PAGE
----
It shortly, however, fell perfectly calm, and the spirits of the slaver's crew revived. The tide was rising, anchors were carried out, and desperate efforts were made to heave the vessel off. A report now came from aloft that several boats were approaching from the direction of the cruiser. The Spaniards, on hearing this, began to stamp about the deck, grinding their teeth and shaking their fists towards where the boats were supposed to be, working themselves into a perfect fury. Arms were got up on deck, and the two guns the vessel carried were loaded and run out. The savage cries and oaths, and fierce gestures of the crew, made them look more like demons than men.

I looked anxiously for Paul, fearing that in their fury they might injure him, but he had wisely taken shelter in the berth forward so as to be out of their sight. I had thought of hiding in the cabin where I slept, but felt too anxious to watch the issue of events to do so. Of one thing I felt very sure, that though the Spaniards might fight, the British seamen would soon be in possession of the slaver.

The day was drawing to a close, however, and I began to fear that the boats might not reach the schooner before darkness set in. In a short time too, I observed a thick mist gathering over the land, which rose higher and higher, and came moving towards us. We were soon completely enveloped in it. This seemed to give the slaver's crew great satisfaction, and they again began to talk and laugh in their usual tone, while all the time they continued their exertions to get the vessel off. Lazy as the Spaniards are they can work as hard as any one when they have a sufficient motive to arouse them.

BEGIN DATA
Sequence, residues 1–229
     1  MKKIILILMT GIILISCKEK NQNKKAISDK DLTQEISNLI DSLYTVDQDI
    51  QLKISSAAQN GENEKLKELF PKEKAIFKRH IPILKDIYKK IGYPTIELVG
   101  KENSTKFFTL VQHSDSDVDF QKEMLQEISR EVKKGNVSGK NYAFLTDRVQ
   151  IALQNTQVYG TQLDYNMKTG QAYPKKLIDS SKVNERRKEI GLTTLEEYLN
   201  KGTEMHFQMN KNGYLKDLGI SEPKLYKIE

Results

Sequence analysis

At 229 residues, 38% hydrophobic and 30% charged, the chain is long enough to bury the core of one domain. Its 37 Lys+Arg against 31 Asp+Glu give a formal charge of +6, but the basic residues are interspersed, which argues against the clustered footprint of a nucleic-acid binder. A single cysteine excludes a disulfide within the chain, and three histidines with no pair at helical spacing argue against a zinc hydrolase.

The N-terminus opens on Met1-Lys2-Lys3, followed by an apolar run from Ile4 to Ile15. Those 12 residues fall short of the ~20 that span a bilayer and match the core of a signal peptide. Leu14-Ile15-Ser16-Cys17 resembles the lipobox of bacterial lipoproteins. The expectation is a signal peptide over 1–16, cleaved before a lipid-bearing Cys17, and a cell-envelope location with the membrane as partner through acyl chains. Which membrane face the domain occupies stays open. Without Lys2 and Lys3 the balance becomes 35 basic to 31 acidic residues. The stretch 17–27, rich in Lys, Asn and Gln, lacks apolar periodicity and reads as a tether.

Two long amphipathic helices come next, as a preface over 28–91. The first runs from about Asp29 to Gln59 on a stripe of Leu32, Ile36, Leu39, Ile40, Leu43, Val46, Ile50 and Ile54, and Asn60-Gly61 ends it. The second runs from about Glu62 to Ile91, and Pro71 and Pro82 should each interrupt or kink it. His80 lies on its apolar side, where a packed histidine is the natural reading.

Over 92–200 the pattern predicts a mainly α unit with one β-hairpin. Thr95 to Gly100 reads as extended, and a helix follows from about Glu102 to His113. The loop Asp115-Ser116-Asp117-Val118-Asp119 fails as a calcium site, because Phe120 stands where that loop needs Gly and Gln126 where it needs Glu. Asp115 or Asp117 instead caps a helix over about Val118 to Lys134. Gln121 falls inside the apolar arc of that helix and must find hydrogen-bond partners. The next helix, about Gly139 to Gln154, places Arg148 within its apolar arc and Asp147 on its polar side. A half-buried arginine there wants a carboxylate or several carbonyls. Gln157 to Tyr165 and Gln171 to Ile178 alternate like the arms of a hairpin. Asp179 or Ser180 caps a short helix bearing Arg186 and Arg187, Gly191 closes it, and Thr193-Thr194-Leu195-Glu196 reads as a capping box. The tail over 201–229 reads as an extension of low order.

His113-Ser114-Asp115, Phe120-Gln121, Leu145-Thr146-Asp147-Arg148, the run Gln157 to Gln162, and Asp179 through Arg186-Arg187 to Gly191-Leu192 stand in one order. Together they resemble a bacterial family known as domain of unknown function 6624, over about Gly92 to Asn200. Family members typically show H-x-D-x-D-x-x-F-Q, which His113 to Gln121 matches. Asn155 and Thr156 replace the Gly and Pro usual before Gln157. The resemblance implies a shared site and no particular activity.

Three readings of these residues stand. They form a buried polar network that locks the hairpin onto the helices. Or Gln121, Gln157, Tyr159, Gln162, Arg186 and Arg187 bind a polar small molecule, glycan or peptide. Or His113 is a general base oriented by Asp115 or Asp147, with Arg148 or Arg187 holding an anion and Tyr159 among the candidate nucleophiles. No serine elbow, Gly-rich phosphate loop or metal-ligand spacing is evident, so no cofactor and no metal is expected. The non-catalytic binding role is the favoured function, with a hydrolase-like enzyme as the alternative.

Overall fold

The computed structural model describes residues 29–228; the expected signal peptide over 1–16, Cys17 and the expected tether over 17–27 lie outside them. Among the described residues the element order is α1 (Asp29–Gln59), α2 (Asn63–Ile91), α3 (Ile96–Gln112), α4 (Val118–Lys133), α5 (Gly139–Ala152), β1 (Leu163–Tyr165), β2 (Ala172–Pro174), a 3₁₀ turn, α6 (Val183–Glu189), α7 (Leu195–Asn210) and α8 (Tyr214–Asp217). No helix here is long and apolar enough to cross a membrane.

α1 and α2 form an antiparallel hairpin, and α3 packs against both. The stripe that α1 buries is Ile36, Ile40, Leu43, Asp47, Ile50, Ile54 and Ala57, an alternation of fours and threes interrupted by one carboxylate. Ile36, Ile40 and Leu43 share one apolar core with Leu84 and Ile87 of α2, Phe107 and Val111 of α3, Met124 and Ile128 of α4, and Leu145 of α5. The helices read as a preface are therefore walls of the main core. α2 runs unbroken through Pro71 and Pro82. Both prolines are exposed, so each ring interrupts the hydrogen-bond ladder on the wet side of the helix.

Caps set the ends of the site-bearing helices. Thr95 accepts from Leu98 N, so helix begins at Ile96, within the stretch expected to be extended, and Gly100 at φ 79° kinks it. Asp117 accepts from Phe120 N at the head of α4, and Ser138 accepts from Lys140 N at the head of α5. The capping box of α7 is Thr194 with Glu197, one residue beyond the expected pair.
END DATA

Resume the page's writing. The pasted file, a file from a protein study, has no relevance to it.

I observed the captain frequently wetting his finger and holding it up, and soon I felt a light breeze blowing from the land. The sails were let fall, and the crew making another desperate effort, the schooner glided away up to her anchors. No time was lost in weighing them. I thought the crew would have shouted to show their satisfaction, but not a sound was uttered. Onward she glided, keeping close in-shore.

My heart sank within me, and my hopes of escaping from the vile slave ship vanished. The lead was kept going. I felt sure that no stranger would venture to stand in so close to the coast as we were doing. On we stood till the Spanish seamen seemed satisfied that they had made good their escape from the boats of the cruiser. As the schooner had by this time nearly a full cargo of slaves, I feared that she would not again touch on the coast, and that I was destined to make a voyage on board the hateful craft across the Atlantic.